I understand my responsibilities as a rabbi in many different ways. There is the teacher, the interpreter, the pastor, the communal representative, the administrator, etc. After nearly thirty three years in the rabbinate, I could write about this for a long time! But one of the most fundamental responsibilities I hold, is that I see myself as having the challenge of keeping an age-old tradition alive from this generation to the next. Every generation has its own unique challenges.
And every generation also has some similar challenges. As I watched parents and children at our Purim celebration this week, I had a thought that I want to share. I saw families – particularly little children – truly having fun. There was lots to do here. There was music, there was entertainment, and there was good food. And I thought about how providing these experiences is so important in creating identity and attachment to this community and to Jewish life. But I also know that every day is not Purim. And I began to think about how we create attachment, and how we pass on identity and meaning.
I have realized for a long time that Jewish life needs to be compelling. It needs to be exciting. It needs to be meaningful in a contemporary context as much as it is traditionally and historically. And so, we make our programs and schools as attractive as possible.
This week in the Torah we are reading Parshat Tzav. Tzav means command. And the word tzav is at the root of the word mitzvah. We know that a mitzvah is more than a good deed; mitzvah is an obligation. But obligation is a more difficult concept to internalize, particularly in our world which emphasizes individual choice and freedom. And so I wonder about this in terms of the next generation of our people.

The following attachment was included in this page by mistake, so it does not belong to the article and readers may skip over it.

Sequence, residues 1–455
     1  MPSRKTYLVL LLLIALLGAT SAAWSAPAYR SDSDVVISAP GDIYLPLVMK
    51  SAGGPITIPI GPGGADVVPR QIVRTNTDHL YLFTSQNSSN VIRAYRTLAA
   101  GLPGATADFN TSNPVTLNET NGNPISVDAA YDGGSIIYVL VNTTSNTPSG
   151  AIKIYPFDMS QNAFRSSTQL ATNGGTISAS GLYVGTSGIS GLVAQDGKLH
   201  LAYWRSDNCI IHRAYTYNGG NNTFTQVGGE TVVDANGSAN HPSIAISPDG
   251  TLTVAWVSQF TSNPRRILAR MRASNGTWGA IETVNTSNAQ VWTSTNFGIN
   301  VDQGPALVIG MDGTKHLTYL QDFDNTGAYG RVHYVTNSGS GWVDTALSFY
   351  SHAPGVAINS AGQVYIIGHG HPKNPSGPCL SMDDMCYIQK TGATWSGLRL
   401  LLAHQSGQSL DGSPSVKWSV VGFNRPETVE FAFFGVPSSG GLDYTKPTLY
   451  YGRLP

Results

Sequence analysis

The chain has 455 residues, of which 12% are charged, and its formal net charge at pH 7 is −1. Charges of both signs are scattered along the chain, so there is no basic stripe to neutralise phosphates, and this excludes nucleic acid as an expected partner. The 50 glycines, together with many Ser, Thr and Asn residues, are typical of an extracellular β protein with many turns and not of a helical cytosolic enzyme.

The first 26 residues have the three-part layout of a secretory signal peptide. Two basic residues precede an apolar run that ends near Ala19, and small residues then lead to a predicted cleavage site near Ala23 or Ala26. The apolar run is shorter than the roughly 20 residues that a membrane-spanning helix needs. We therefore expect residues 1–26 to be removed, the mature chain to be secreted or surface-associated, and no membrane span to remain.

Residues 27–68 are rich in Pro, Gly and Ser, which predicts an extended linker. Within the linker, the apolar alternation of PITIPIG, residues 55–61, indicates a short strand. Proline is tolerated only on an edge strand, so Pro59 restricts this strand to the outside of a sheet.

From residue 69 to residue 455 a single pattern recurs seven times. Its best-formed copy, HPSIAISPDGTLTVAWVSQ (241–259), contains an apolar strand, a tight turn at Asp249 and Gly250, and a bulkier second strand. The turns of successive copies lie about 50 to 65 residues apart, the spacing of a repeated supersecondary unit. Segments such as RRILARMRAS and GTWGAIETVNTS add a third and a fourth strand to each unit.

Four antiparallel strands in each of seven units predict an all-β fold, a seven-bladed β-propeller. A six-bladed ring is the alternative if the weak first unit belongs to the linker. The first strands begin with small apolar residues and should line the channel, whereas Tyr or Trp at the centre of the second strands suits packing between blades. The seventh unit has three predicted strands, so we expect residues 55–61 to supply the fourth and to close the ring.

How do we create a sense of obligation? I think there are a number of ways. One is through the discipline of regular and repeated activities. Excuse the simplicity of this analogy: I work out in a gym. And when I do it day after day, I begin to feel it is my obligation to do so. I began with a choice, but I continue with a sense that I am compelled to do this.
I think there is a similar dimension in our religious lives. If we engage now and then it may be good, but this serious venture of Jewish living is a call for more than an occasional visit. It is a call for ongoing and regular learning, prayer, and acts of kindness. And for these we shouldn’t be visitors, but regulars. And in the regularity we begin to feel the call of obligation. And in the obligation we begin to understand the responsibility. It attaches us to a people and roots us in a particular history. It makes values real and opens up a spiritual space.
This is a great challenge in our lives which are so busy and where there are so many options and distractions. But choosing to enter and engage regularly is an essential part of our Jewish lives and necessary for its continuity. More than choice, we have received a responsibility. It is something for us to talk about and think about…
See you in shul.